[Reposted from blogher.org] I am 5 feet 2 and for decades I weighed 110-115 pounds. My body (as opposed to me) has always wanted to weigh more and for forty years following puberty, I counted every forkful that went into my mouth to maintain my svelte figure.
Inevitably, the number on the bathroom scale would creep up (I like to cook and I’m good at it). The panic point was 125 at which time I redoubled my exercise efforts, filled the refrigerator with gallons of V8 juice and pared off the excess. It’s not fun to lose weight. I know; I’ve done it dozens of times. But it’s not hard either.
Well, it’s not hard until menopause after which, weight loss requires super-human effort. It is exhausting and, I suspect for many in addition to me, a (non)losing battle. So one day about ten years ago, I wondered what would happen if I stopped thinking about my body size and ate anything I wanted.
Anyone could have predicted it. Tubby would not be an unreasonable description of my new shape. My body settled there and although I ditched the bathroom scale when I stopped counting calories, I can tell from how clothes fit that I don’t gain or lose anymore.
And with that, I have arrived at the point of this post: elder fashion – the ultimate oxymoron and the forgotten woman.
Everything above size 12, even 10, comes with too many flounces, too much trim, an excess of pleats and an abundance of cheap, machine embroidery. Colors are indistinct, ranging in the vicinity of peachy pink and greenish blue, while fabrics lean toward oily-feeling polyester. And style? It is obvious that anyone who designs for elder women flunked out of FIT.
Even shops that cater to hefty women ignore those of us in the upper age groups. The grandmother of “plus sizes”, Lane Bryant, and the more modern shops too have way too many waistlines and belts - not a smart move now that my waistline matches my hips. The spring and summer tops now on display feature see-through fabrics which, although they follow the nude trend for youth in the past few years, are unseemly for a 65-year-old or, at least, this one.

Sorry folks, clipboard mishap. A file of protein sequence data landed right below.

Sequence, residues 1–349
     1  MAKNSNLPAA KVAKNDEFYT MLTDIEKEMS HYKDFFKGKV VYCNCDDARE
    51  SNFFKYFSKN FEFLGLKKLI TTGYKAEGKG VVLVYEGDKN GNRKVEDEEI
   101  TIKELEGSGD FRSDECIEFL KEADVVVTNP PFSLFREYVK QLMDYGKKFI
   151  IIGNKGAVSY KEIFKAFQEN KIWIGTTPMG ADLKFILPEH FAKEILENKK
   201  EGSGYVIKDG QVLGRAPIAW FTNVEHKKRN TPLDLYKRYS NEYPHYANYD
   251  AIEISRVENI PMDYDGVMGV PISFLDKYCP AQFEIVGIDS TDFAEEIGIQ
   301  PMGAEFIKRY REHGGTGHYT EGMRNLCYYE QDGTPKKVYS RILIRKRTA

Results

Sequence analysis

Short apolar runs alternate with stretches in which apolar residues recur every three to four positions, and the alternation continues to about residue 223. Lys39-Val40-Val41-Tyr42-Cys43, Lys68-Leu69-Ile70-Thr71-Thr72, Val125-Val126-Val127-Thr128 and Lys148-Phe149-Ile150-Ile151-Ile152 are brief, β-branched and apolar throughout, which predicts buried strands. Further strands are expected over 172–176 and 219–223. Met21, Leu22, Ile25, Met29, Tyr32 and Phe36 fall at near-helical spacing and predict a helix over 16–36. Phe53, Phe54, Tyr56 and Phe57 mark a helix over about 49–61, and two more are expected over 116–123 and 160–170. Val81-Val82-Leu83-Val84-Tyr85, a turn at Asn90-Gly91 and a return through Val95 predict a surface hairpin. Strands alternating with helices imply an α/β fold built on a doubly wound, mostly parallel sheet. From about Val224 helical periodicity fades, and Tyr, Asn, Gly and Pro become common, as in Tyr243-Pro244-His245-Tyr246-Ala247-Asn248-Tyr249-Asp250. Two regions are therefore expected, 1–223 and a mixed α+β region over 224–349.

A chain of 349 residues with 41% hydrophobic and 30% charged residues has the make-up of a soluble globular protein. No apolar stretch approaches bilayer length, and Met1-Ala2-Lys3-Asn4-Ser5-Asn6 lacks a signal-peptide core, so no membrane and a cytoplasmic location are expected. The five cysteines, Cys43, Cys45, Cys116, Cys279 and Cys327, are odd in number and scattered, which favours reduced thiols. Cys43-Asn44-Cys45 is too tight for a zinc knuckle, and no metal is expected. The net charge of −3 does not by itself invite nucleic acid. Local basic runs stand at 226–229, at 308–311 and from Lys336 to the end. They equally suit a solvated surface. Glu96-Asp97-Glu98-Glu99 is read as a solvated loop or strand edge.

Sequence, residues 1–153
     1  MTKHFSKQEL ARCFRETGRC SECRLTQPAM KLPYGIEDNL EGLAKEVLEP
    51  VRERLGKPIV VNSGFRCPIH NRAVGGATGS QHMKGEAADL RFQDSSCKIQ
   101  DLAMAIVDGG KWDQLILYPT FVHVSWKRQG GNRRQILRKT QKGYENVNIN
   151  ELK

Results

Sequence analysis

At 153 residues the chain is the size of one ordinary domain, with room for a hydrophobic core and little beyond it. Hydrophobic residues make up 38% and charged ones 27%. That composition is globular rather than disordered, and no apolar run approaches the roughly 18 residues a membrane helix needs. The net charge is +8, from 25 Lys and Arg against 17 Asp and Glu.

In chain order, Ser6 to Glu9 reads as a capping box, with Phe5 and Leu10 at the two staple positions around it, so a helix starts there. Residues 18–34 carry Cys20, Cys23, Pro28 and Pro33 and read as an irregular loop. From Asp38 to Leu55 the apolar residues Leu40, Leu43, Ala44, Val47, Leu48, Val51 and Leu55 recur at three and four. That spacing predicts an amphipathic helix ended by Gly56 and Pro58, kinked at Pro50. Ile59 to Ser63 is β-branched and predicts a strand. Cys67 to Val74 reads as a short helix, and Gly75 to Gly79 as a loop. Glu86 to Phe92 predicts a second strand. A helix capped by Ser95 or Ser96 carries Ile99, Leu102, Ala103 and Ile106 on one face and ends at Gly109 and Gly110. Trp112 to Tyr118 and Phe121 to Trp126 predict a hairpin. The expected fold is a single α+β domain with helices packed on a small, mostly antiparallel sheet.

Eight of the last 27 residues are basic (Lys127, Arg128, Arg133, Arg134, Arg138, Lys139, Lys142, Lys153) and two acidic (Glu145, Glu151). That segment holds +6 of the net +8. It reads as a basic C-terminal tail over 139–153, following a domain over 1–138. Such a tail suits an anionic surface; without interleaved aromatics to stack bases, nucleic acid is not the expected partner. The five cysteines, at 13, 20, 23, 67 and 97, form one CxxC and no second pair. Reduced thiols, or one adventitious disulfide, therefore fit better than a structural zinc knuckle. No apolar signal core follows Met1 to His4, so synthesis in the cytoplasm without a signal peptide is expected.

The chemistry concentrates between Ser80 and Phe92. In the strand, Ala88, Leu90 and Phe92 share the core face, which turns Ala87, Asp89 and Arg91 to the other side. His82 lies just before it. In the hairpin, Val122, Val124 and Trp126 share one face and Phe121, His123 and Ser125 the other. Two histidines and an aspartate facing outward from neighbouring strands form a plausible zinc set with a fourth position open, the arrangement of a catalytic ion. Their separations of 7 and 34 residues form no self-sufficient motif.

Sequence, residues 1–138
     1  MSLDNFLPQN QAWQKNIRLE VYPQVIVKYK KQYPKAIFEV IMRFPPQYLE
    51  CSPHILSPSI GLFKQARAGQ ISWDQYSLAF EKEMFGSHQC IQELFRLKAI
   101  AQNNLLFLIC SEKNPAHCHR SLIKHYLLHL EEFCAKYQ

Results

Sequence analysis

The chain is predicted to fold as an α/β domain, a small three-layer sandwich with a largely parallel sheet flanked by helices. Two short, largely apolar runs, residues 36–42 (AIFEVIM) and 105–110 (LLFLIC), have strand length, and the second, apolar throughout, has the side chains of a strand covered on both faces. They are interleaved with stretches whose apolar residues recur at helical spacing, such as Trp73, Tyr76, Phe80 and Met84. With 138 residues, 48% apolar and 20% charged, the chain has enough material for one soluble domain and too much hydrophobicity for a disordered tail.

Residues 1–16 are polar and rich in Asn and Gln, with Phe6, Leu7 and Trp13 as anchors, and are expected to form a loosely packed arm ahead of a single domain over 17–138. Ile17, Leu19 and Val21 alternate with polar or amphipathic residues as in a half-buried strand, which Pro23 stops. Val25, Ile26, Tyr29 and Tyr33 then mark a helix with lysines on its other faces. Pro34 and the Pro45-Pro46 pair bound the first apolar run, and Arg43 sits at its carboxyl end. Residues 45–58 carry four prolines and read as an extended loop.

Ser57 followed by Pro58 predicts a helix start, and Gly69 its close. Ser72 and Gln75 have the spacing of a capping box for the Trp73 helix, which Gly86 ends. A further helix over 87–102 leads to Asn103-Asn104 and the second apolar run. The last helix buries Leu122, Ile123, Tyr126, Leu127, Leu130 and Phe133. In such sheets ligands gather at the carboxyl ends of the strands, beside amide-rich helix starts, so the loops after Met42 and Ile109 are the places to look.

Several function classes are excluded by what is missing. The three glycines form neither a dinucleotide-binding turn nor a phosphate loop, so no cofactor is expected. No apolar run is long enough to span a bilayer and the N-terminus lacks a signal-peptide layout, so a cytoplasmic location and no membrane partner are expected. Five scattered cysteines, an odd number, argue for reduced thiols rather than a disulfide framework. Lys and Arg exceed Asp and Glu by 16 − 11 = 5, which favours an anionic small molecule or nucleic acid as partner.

Old standbys from my working days like Nordstrom, Saks, Bloomingdales, etc. carry some clothing for larger women. But they are upsized from styles originally designed in size 0 for those six-foot, emaciated models, and anyone who thinks fashion design knocked off from those to sizes 12 and above are workable doesn’t understand the principles of proportion.
It took a long while of studying it to figure out the problem of older women’s clothing which is this: designers believe older women who have put on weight natural for their ages are the same as younger “plus-size” women. We are not. Our bodies are shaped differently; the weight is distributed differently and what hangs well on a 30-year-old of the same height and weight as I am does not fit me.
No designers are creating clothes for women my age. There is nothing available for older bodies that is smart, stylish and fits well. I know now what would fit well and look good, but not how to create it; it’s not my line of work.
The baby boomers coming up behind my generation will add about 38 million women to the elder population who need more attractive clothing that fits our bodies. Any fashion designer who wants to make a few million, give me a call. You can have my research for free.